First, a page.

Over his career to date, Stanton has provided the Marlins with 19.5 wins above replacement, which is valued at $93.7 million. In other words, if you were going to replace his performance in free agency and knew you were going to get exactly this level of production, $93.7 million is how much you would have to pay. For that the Marlins paid Stanton slightly over $7.9 million. So already, they are ahead of the curve.
We can either use the standard one marginal win is worth $7 million or that the cost of a marginal win starts at $6 million in 2015 and increases by five percent each year to figure out the value the Marlins can expect to receive from Stanton, including everything he has done year-to-date.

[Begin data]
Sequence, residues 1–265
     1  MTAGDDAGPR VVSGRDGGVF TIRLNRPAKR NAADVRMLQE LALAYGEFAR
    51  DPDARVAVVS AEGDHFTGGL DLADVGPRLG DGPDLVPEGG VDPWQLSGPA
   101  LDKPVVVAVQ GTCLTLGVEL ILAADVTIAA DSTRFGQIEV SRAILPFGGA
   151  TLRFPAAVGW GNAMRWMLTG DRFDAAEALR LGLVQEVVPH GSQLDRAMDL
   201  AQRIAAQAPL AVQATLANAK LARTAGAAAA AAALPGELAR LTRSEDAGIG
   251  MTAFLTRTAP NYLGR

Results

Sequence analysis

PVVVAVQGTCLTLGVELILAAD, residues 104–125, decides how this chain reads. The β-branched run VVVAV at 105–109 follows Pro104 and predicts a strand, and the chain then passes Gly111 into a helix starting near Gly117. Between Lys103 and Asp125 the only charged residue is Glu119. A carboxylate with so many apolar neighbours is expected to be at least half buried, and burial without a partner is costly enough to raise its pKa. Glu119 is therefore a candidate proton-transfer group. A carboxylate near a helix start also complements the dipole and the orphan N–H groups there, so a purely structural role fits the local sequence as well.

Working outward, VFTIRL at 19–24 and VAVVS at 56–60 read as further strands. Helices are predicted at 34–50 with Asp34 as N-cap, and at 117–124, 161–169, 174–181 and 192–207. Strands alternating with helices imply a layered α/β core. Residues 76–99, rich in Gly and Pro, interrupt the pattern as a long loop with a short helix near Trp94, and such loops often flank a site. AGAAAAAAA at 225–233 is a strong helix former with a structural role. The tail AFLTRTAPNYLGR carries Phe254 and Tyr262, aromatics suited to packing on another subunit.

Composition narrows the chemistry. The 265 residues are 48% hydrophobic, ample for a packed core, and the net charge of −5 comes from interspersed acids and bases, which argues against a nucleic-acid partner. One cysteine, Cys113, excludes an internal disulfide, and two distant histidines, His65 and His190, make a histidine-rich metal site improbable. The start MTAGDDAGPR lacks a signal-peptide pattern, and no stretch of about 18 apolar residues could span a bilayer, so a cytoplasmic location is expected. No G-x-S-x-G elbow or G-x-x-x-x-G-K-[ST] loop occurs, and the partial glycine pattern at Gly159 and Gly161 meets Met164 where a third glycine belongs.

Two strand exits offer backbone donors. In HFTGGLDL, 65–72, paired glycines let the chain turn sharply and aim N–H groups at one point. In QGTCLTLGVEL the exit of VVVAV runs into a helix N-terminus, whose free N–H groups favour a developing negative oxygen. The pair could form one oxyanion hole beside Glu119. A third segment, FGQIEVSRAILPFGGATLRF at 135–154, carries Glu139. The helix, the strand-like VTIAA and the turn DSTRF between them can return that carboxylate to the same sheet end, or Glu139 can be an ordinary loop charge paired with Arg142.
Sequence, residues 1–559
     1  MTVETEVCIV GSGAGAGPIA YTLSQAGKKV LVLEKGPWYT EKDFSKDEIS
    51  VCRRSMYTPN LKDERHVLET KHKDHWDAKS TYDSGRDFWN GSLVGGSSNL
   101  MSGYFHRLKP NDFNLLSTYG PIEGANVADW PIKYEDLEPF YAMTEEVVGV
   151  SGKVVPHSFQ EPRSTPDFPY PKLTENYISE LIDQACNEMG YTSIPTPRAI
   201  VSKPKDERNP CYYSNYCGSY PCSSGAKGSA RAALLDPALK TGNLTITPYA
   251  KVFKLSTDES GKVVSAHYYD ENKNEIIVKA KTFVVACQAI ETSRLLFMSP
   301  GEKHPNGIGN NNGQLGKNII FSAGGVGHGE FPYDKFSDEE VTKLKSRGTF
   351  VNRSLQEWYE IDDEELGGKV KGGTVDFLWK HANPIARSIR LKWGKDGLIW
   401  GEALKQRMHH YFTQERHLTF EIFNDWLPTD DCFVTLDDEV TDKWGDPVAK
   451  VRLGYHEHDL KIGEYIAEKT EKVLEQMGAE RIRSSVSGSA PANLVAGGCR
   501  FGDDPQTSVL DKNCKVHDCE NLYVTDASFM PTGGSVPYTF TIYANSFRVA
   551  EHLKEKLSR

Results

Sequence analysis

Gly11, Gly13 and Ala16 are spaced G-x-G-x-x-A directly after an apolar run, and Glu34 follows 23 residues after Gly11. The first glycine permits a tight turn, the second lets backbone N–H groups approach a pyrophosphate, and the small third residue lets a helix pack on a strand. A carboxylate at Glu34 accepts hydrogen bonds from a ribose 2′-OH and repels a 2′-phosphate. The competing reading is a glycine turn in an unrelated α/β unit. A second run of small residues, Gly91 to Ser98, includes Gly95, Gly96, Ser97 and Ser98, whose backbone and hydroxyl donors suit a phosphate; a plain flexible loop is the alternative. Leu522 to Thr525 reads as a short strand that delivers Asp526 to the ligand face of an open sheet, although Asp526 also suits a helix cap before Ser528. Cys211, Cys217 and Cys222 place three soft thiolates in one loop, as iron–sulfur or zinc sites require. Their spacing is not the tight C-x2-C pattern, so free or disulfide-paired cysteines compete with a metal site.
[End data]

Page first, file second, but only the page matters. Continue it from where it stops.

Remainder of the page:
Even if you ignore the value Stanton has provided to date, it still works out for both parties.
If that holds, Stanton will add less than 20 wins above replacement over the life of the contract, which would be more than a third less than what the ZiPS projections are calling for. But those similar players are loose fits, at best, and don’t look like the most probable scenarios.
It’s a lot of money, but it is also a good deal for both Stanton and the Marlins.